About the Report
An annual update and overview to the U.S. repo market.
The $5 trillion daily turnover in the repurchase, or repo, market is a vital, but not always well understood, part of the U.S. financial system. The repo market represents a liquid, efficient, tested and safe way for firms to participate in a short-term financing arrangement, providing funding for their day-to-day business. Repurchase agreements, or repos, are a sale of financial assets combined with a promise to repurchase those assets in the future (in many cases, the repurchase is agreed for the following business day). These arrangements have the economic characteristics of a secured loan - cash vs. collateral - and are used by short-term institutional cash investors as a secured money market instrument and by dealers as a way to finance long positions in securities.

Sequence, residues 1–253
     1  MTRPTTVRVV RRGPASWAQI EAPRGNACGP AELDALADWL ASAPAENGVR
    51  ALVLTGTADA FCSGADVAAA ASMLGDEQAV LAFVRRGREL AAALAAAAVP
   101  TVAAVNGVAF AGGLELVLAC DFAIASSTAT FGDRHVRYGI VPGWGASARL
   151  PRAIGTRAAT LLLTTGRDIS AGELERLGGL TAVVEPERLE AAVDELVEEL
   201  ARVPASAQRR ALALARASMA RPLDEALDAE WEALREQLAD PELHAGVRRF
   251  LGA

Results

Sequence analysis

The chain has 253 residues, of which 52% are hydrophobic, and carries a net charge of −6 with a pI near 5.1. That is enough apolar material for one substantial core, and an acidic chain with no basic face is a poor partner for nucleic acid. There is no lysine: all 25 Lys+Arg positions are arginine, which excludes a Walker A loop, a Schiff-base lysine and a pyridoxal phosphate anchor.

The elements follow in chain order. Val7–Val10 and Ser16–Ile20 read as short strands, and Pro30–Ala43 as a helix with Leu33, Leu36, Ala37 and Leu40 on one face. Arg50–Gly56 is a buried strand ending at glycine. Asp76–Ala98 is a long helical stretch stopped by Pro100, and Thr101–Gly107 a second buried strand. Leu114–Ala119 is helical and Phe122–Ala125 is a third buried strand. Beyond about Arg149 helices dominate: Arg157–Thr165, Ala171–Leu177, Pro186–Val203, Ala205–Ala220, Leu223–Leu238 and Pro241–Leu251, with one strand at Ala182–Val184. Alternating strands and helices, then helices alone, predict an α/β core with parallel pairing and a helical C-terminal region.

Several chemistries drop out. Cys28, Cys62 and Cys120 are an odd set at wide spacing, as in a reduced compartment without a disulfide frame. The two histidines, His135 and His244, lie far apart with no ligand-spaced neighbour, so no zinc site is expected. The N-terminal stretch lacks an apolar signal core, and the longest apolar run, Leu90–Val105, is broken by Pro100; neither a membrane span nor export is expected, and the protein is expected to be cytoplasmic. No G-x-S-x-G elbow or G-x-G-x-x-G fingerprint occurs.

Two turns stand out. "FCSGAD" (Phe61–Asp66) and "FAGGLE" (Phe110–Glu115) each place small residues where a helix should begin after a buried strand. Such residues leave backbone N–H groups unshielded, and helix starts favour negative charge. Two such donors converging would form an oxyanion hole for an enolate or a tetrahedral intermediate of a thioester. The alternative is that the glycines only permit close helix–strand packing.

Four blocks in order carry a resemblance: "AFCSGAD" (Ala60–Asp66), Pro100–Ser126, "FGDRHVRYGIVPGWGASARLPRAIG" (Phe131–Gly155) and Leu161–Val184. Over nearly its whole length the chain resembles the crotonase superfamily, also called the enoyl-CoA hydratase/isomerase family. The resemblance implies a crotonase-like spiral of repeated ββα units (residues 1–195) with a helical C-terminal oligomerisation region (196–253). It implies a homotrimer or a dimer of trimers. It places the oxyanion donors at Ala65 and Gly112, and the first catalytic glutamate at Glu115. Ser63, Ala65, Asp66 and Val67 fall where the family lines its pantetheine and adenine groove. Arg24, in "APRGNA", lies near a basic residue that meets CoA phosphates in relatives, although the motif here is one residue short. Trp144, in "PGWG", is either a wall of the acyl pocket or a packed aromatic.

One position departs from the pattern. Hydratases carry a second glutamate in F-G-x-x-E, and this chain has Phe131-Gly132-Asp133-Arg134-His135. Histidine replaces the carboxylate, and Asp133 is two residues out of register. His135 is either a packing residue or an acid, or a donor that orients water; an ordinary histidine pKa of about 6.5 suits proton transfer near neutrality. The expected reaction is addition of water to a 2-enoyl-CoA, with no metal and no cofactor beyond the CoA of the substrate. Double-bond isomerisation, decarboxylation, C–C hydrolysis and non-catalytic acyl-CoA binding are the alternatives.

While a broad array of assets may be financed in the repo market, the financial assets most commonly used include U.S. government and Federal agency securities, high quality mortgage-backed bonds and corporate bonds and money market instruments. Recent data for the tri-party repo (a form of repo that uses an agent to maintain cash and securities accounts for both parties) market, which represents a significant part of the entire U.S. repo market, indicates that U.S. government securities account for approximately 34.7 percent by dollar value of the most common collateral types (see chart below: "Most Common Collateral Used, as Percentage of Total"), Federal agency and government sponsored enterprises securities (for example, Fannie Mae and Freddie Mac) account for approximately 6 percent, non-agency mortgage-backed and asset-backed securities nearly 3.9 percent, and agency mortgage-backed securities and collateralized mortgage obligations account for 44.8 percent. In addition, corporate bonds represent 3.5 percent, equities 4.5 percent, money markets 1.4 per-cent and other (which includes collateralized debt obligations, international securities, municipality debt, and whole loans) account for 1.2 percent.
- Robert Toomey
- Analyst: Timothy Cummings